Wednesday, February 19, 2014

Art Journaling on the Go

This past weekend we went on a road trip to Boise, ID. 

I'd been commenting to my family about how my youngest is a much better artist than I am and how I attribute that, in part, to his practice of drawing in every spare minute. In the car, in bed, on his iPad, in line, at movies, watching TV... the kid draws non-stop. And he's always getting better.

I on the other hand tend to wait until the table is clean, I'm home, chores are done, supplies are laid out. See what I'm getting at?

So I tossed a handful of supplies into a gallon zip loc bag and decided to art journal while we drove.

Things I noticed:

1. It's not near as messy as you'd think. I dropped all my scraps at my feet and whenever we got gas I lifted out the floor mat and tapped off all the bits into a trash can.

2. Limited supplies aren't limiting. Not limiting at all really. I did a lot more art and a lot less deciding on which medium was perfect for the job.

3. A spray bottle of water is your best friend. Dirty brush? Lay it on your folded piece of paper towel (or a couple of napkins from lunch, or even a wad of TP) and spray it clean. Need to activate your water soluble crayons? Spray them. A 2 oz spray bottle is tiny enough to include but it packs a big punch.

4. Pre-colored backgrounds are a huge help. Had I brought my usual art journals, they would have had some paint or stencil dabbings already. But this was a SMASH Book that I'd bought, with good intentions and didn't really warm to. The paper is very construction paper-ish so it balls up and wrinkles a ton when you add wet media. All my media leans pretty wet so we were a bad fit from the start. My intention was to make some backgrounds using collage and a glue stick and then tear them out to use in my other journals. It didn't go that way but at least it got me using the book. Starting with their printed graph paper and such gave me just that little boost of visual interest I needed.

5. I do this at home already but it bears mentioning, keep an envelope (mine is a waxed translucent kraft envelope usually for baked goods) with all the bits and pieces you've generated making stuff. For me, anything the size of a credit card or smaller goes into my envelope - gelli prints. stamped but unused images, quotes, wrapping paper, tissue, ephemera (like stamps), the last embellishment in a package... you name it. I also include a few sheets of (folded) book paper, dictionary pages and hymnal sheets so I have some large neutral bits to work with and some punchinella. This provides you a ton of colors and textures to use when you don't have access to your supplies - or you just don't want to haul them out.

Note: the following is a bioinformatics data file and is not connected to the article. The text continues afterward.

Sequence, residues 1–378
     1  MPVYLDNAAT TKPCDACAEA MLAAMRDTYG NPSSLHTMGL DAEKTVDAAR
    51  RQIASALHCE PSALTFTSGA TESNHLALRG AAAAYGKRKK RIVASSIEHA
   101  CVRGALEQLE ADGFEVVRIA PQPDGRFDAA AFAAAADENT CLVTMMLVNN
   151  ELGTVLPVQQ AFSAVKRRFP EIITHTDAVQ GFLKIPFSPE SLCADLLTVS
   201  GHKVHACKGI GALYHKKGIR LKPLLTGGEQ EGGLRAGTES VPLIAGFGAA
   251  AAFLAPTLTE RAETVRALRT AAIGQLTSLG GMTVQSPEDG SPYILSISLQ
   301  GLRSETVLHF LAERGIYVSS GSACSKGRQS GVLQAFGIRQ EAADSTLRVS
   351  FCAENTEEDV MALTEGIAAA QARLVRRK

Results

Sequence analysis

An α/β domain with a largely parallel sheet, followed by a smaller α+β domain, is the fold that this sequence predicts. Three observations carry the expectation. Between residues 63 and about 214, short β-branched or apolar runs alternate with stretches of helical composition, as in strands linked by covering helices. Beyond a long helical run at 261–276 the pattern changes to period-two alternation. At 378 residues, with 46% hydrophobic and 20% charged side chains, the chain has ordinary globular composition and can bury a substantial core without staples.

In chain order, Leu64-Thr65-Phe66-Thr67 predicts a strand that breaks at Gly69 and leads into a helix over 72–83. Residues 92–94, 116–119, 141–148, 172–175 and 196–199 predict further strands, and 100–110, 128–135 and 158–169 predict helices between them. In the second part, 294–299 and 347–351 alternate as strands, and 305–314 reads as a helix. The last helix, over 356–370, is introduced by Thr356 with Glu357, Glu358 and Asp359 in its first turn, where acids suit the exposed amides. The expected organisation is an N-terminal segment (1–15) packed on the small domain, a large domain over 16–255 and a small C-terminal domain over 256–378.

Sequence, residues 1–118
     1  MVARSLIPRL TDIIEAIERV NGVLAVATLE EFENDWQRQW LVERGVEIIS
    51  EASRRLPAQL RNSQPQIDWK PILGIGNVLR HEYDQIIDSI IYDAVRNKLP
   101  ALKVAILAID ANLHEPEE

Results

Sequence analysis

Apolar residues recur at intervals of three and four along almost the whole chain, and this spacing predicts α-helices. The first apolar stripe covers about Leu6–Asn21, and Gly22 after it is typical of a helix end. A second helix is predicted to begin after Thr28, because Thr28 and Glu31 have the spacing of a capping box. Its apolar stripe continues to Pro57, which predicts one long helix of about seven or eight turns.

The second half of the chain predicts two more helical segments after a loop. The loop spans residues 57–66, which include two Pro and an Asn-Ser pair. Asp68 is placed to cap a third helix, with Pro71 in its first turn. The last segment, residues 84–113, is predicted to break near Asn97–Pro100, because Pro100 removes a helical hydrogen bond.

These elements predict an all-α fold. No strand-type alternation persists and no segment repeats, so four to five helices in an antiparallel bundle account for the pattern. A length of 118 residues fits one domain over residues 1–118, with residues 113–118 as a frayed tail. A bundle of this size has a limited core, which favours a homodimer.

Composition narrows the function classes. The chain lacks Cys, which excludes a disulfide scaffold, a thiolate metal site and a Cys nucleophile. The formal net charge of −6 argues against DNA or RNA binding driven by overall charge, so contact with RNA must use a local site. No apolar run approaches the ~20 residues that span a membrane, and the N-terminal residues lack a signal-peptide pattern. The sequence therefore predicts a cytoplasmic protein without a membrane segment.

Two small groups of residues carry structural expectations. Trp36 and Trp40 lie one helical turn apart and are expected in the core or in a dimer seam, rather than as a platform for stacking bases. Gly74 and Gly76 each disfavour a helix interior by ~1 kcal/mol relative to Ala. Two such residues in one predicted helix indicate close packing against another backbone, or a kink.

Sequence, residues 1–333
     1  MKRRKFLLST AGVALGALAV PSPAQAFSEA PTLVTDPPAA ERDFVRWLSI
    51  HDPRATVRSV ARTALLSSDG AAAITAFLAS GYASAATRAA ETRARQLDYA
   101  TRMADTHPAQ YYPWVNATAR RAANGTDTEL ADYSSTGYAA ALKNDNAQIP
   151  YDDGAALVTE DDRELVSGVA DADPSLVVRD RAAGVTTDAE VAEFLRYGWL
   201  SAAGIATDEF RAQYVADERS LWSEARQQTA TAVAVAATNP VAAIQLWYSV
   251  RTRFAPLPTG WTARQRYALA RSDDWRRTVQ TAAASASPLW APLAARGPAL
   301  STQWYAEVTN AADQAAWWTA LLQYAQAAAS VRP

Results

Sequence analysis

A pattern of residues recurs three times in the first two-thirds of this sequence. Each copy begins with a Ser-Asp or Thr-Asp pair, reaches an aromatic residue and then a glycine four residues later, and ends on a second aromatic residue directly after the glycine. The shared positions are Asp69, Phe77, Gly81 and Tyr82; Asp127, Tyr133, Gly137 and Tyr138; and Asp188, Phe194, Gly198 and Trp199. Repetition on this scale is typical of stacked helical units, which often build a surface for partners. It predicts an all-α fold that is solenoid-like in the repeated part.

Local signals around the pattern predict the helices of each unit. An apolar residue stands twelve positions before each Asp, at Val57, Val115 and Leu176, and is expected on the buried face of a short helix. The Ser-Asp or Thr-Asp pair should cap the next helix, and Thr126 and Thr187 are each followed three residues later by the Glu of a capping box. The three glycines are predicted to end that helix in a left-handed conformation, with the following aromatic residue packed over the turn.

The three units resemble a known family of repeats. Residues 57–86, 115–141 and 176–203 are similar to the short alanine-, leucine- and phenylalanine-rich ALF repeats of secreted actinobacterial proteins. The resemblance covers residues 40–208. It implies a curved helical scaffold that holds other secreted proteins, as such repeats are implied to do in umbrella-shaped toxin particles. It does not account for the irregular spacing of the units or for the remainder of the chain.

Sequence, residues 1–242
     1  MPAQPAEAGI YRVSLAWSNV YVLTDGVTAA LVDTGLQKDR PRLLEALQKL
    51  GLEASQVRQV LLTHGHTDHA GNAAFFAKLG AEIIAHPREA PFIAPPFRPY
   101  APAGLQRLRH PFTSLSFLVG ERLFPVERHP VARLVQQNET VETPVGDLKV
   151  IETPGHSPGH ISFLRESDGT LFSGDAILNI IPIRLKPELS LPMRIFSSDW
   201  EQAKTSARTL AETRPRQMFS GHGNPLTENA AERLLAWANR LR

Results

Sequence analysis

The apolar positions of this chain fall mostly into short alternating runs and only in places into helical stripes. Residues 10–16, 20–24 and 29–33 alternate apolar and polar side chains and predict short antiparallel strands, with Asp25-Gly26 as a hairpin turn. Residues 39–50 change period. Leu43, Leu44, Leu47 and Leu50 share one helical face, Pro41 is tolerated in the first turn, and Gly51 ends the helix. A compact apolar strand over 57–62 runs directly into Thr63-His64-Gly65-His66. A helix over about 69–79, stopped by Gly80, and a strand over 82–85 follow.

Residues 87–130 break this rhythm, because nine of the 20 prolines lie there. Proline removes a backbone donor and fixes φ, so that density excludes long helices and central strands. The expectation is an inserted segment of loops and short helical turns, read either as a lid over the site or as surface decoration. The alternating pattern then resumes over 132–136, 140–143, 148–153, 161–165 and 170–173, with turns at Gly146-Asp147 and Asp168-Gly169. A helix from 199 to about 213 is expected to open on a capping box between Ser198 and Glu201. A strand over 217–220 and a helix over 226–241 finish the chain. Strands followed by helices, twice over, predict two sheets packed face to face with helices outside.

6. Gelli prints, especially on deli paper, are the ultimate stand in for a rainbow of paint colors and an abundance of stencils. With scraps of gelli prints alone I was able to replicate the look of zillions of supplies - while driving down the interstate. I love simple things that look complicated.

7. Mod Podge, Matte Medium, Collage Pauge... pick one and bring it. Once my collages were 95% of the way there I pulled out my tiny bottle of decoupage medium and applied it to the pages by squeezing a little dab onto my finger and rubbing it into the page. I tend to get my hands in there anyway so this wasn't all that weird for me. But it was very controlled, not a drop landed where it was not intended, and the medium makes the deli paper 'melt' into the page so all you see is the painted patters. It also stuck down errant bits and edges as well as sealed the neo-colors so my black pen would write over them. Since you're rubbing in the glue you apply a very thin coat and it only took moments to dry. Which is a good opportunity to look out the window and enjoy the view a bit.
8. Don't worry about completing things. Get your background in, maybe do a little fleshing out of your focal image but don't stress. Each pages I made took only a few minutes to finish once I got home and most of that was adding a unifying paint color and some splatters. I was a lot more 'done' than I imagined at the time and not stressing too much about the final product took all the pressure off me while creating in the car.

9. Don't forget your basics. For me that includes Cutter Bee scissors, gesso, Mod Podge, Neo colors, spray bottle, paint brush, black and white pen, paper towel and ephemera. Here's all I brought:

Thanks so much for stopping by :-)


Salla said...

Great journal spread, and the tips you give are super helpful for me when trying to figure out what to include in my own travel kit!

Maggi said...

Great tips, I'll have to remember this post for my trip to Seattle in August!

Lindsey Hoffman said...

Love the quote... it makes me think of how many wifi passwords my hard drive contained by the end of a two-year journey. Home was everywhere. :)

Trish said...

Love your pages. I'm on "house" kick in my art journal right now so this caught my eye. I haven't posted any of my pages yet, but I will soon. Now I want to start adding some colour to some deli papers to have on hand. Thanks for the inspiration. :D

Hazel Agnew said...

Oh Nicole, what a fabulous post. Glad that you enjoyed your new experience. Simple is often the best option and your finished result is the proof. The spray bottle is a neat idea. Hope that the boy never tires of drawing. I also have a drawing boy,! Respect, Hazel x